Positano v. The Queen (July 31, 2018 – 2018 TCC 160, Russell J.).
Précis: The taxpayer and his brother both worked for a family company, Positano Paving. The company did snow clearance in the winter. The brothers shared the job of making “snow runs”, i.e., determining where within the “snowbelt” of Barry, Ontario customers required snow clearance. Snow runs were estimated to be between 90 and 100 kilometres. The brothers took snow runs on alternate days. The company paid them each an allowance of $9,100 as an estimate of the mileage they incurred during the winter season. The taxpayer did not report the amount thinking it was deductible in any event. CRA reassessed the taxpayer for 2012 and 2013 including the full amount in his income and not allowing any offsetting mileage expense. The taxpayer appealed to the Tax Court which dismissed his appeal. The Court held that his estimate of mileage expense was not a “reasonable vehicle allowance” and hence not deductible. There was no order as to costs since this was an informal procedure appeal.
Decision: In short, the Court held that its hands were tied by the language of the Act and precedent:
 The issue in this matter is clear-cut - was the annual $9,100 payment a “reasonable” vehicle allowance per subparagraphs 6(1)(b)(vii.1) and 6(1)(b)(x) of the Act and thus recognized as not having to be included in income?
 These two subparagraphs provide as follow:
6(1)(b)(vii.1) reasonable allowances for the use of a motor vehicle received by an employee (other than an employee employed in connection with the selling of property or the negotiating of contracts for the employer) from the employer for travelling in the performance of the duties of the office or employment,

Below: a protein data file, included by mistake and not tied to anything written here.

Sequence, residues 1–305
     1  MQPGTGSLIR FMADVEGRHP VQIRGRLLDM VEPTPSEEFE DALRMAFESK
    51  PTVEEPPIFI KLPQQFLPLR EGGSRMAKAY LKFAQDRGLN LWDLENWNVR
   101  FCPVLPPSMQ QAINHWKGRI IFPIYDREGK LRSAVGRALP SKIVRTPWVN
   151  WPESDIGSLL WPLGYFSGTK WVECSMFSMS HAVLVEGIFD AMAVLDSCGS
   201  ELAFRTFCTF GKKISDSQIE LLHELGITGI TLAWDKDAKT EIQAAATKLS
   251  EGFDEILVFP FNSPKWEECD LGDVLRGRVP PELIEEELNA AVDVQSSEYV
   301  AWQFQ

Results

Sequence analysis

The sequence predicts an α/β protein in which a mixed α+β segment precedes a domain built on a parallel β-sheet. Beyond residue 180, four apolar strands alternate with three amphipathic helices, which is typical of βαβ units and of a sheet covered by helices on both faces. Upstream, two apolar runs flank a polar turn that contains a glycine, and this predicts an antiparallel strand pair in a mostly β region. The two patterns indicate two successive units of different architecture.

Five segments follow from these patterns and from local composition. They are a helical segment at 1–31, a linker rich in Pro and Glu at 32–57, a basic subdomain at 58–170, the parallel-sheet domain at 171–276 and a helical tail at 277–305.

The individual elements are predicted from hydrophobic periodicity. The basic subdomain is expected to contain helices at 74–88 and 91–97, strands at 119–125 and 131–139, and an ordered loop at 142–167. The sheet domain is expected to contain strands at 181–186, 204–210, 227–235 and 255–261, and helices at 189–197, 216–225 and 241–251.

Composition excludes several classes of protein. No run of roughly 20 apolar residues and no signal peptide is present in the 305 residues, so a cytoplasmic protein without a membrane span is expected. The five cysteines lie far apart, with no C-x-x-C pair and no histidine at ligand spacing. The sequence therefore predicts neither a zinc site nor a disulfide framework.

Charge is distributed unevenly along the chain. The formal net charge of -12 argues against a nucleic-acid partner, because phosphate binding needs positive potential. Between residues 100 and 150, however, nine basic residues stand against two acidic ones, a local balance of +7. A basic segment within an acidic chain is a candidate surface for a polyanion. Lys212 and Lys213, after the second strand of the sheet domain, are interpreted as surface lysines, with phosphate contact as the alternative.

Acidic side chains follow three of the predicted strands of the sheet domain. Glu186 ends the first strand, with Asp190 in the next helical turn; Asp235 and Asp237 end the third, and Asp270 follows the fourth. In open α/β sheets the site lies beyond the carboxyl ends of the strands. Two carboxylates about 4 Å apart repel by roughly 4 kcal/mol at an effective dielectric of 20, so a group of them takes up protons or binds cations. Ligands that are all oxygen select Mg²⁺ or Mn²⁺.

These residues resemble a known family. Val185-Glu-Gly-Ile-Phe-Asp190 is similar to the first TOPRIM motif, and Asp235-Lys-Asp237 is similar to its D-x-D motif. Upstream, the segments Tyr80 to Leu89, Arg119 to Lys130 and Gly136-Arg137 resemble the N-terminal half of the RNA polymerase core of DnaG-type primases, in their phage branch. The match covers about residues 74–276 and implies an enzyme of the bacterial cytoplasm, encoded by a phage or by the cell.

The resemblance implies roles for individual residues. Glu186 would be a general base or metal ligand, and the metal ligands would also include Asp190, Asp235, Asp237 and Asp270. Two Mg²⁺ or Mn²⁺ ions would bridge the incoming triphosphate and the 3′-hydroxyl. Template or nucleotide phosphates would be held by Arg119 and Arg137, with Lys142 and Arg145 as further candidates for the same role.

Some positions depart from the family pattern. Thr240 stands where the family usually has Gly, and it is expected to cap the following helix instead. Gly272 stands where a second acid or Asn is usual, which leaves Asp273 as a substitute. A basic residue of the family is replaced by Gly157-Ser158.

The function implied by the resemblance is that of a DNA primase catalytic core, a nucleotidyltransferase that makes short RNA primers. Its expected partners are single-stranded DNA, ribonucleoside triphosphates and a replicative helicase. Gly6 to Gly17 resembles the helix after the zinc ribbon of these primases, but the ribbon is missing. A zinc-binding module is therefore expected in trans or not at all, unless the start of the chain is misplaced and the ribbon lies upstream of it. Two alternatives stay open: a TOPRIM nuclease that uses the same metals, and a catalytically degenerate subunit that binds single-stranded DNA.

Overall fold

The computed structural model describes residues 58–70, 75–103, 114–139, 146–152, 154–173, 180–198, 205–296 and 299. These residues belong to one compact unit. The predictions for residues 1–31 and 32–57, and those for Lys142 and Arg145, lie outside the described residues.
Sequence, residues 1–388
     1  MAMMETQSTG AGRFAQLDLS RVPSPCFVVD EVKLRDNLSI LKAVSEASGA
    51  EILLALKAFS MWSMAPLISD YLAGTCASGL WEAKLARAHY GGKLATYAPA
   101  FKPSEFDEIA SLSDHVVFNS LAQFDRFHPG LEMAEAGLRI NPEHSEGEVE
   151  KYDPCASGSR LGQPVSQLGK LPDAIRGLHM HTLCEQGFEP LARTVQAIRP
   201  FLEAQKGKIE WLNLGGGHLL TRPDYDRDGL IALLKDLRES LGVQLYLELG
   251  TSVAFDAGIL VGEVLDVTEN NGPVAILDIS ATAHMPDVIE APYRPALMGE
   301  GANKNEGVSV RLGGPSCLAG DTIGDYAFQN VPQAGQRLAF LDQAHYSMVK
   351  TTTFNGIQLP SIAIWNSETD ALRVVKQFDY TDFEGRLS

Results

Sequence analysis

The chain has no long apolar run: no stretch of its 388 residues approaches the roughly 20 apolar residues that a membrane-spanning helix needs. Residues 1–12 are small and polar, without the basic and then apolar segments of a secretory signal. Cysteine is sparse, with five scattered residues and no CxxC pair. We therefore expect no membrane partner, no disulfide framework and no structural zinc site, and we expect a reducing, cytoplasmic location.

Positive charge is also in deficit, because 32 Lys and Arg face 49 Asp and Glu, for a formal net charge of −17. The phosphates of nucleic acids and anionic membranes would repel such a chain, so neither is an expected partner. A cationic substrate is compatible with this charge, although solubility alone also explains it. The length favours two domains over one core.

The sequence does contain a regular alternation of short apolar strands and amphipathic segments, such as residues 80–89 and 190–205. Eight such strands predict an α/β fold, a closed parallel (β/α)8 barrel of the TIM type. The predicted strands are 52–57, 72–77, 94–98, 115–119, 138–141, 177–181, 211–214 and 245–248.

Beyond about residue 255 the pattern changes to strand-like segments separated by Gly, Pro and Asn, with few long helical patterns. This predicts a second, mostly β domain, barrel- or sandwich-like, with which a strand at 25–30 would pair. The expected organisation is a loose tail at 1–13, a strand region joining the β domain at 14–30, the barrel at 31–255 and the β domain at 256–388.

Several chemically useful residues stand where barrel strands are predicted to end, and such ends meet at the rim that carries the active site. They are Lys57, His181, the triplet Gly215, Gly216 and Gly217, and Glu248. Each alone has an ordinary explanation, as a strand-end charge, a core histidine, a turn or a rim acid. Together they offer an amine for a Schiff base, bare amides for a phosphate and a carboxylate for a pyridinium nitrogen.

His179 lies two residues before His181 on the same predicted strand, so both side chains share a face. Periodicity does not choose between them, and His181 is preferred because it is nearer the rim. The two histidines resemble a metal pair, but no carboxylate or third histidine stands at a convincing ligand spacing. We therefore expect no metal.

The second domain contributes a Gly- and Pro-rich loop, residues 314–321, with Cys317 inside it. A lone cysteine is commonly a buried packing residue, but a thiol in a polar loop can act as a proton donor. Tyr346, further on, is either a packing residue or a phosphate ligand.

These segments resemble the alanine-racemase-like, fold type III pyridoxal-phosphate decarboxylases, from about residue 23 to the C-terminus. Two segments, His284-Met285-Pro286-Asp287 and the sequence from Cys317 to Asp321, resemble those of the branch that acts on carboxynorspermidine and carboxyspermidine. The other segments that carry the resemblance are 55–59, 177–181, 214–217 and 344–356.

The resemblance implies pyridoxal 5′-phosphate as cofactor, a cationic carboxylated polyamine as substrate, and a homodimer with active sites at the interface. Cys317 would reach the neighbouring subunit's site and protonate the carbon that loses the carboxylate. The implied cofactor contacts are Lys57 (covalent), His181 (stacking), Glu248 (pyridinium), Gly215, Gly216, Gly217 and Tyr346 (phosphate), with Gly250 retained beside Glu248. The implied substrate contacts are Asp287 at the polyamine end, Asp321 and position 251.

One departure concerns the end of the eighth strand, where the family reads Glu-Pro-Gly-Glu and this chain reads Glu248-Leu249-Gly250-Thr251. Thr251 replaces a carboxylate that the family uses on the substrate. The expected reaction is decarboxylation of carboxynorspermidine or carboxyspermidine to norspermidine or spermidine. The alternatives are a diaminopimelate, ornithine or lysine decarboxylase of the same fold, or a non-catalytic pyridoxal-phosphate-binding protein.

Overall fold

6(1)(b)(x) where the measurement of the use of the vehicle for the purpose of the allowance is not based solely on the number of kilometres for which the vehicle is used in connection with or in the course of the office or employment,
 These provisions make clear that vehicular allowances are not excludable from income unless the allowance amount is, “based solely on the number of kilometres for which the vehicle is used in connection with or in the course of the…employment.”
 In this case however the $9,100 amount was an amount calculated on the basis of an average of number of snow runs in total, divided evenly between the brothers. The distance of each snow run was known. However the number of snow runs actually made, and by each brother, were not known, but rather were estimated. Thus the actual number of kilometres specifically driven by the Appellant, being one of the two brothers, was not known, but only estimated.
 In Beauport (Ville) v. Minister of National Revenue, 2001 FCA 198, at paragraphs 14 through 19, the Federal Court of Appeal (FCA) made clear, with reference to the above section 6 provisions, that an estimate was not good enough to constitute a reasonable vehicle allowance. The amount of the allowance had to be based on, “actual kilometres travelled rather than an approximation”.
 In my view, the effect of the legislation and related jurisprudence is clear; that the basis for calculation of the purported vehicle allowance paid by the Employer to the Appellant does not qualify as being “reasonable” and hence exempted from income inclusion. The amounts paid were not determined based solely on kilometres actually driven.
As a result the appeal was dismissed. There was no order as to costs since this was an informal procedure appeal.